The first ever academic study of state snooping in New Zealand is among 101 research projects to win grants in this year's Marsden Fund round.
While New Zealand joined the intelligence community more than a century ago, it remains the only country in the western world not to have an academic study on its history of secret surveillance.
That's about to change with a new investigation by Professor Richard Hill of Victoria University, who has been awarded a $495,000 grant to put together a picture of surveillance in our country.
It will look at how strategies changed during key periods, such as the 1940s, and what balances were made between state security requirements and civil liberties.
His ultimate aim is to produce a history of New Zealand's security policing system, set in an international context, that will provide an informed platform for debate around surveillance.
It comes after a series of high-profile controversies surrounding the topic, including the Urewera police raids, the startling international revelations of the Edward Snowden files and the so-called GCSB Bill introduced by the Government last year.
Professor Hill will be working with Dr David Burke from Cambridge University, an expert on espionage, and David Filer, who is a New Zealand military historian.
He said while there have been books written about aspects of New Zealand's security intelligence services, the Marsden funding would support the first sustained and integrated academic scrutiny of this country's security surveillance institutions and their operations, and lead to publication of the first comprehensive overview of covert intelligence gathering here.
"In a country like New Zealand there is obviously a trade-off between having an open and democratic society and the state's need to carry out covert intelligence of those they deem to be potentially a threat to national security," he said.
"Our goal is to thoroughly research and document what happened between 1907 and 2007, and why, and then leave people to draw their own conclusions."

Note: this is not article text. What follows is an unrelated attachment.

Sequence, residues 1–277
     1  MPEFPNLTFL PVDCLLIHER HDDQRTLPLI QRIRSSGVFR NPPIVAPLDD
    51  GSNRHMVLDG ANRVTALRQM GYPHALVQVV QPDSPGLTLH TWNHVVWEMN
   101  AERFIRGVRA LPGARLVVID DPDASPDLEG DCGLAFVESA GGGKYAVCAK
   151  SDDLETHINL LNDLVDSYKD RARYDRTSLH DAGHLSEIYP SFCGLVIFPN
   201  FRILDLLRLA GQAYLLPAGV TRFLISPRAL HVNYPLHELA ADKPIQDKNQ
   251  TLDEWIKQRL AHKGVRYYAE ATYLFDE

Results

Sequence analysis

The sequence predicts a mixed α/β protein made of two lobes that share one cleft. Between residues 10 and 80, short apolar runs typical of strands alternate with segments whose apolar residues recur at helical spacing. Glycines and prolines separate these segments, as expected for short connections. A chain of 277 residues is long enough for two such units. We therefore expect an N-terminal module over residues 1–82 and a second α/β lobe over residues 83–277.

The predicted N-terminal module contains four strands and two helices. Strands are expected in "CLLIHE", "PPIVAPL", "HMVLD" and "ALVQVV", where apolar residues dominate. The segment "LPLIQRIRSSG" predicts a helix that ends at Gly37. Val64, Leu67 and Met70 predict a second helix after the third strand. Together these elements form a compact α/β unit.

He expected that when his book is published in about three years, Kiwis will better understand what is happening in security surveillance in New Zealand today.
Professor Hill said while the researchers would not be able to view all the relevant documents, he was "absolutely confident" that they will be able to access the material they need to write an informed history.
As to whether the book would contain revelations, Professor Hill said he genuinely did not know.
"Obviously there are some things we know that we don't know but there are lots of areas in which we don't know what we don't know," he said.
"If we find anything new, it will be a revelation to us as well as to our readers."
While New Zealand was late in producing a history of its security surveillance, it was not far behind other similar countries.
"The history of MI5 only came out a few years ago and the first volume of the history of the Australian agency ASIO was published only last month," he said.
"One of the things that is making these histories possible is a realisation by security intelligence agencies that if they don't provide access to documents, people will draw their own conclusions based largely on anecdotal evidence.
"There is a growing official acceptance that, as much as possible, it is better to open the files to academic scrutiny."
Fund covers a range of research areas
A total pool of $55.7 million in this year's Marsden Fund will boost investigator-initiated research in areas as wide ranging as science, engineering, maths, social sciences and the humanities.
Highlights of this year's round include projects that will investigate the use of robotics as therapy for cerebral palsy, using Google balloons to probe weather systems, why heart failure is common in diabetics and Maori legal traditions.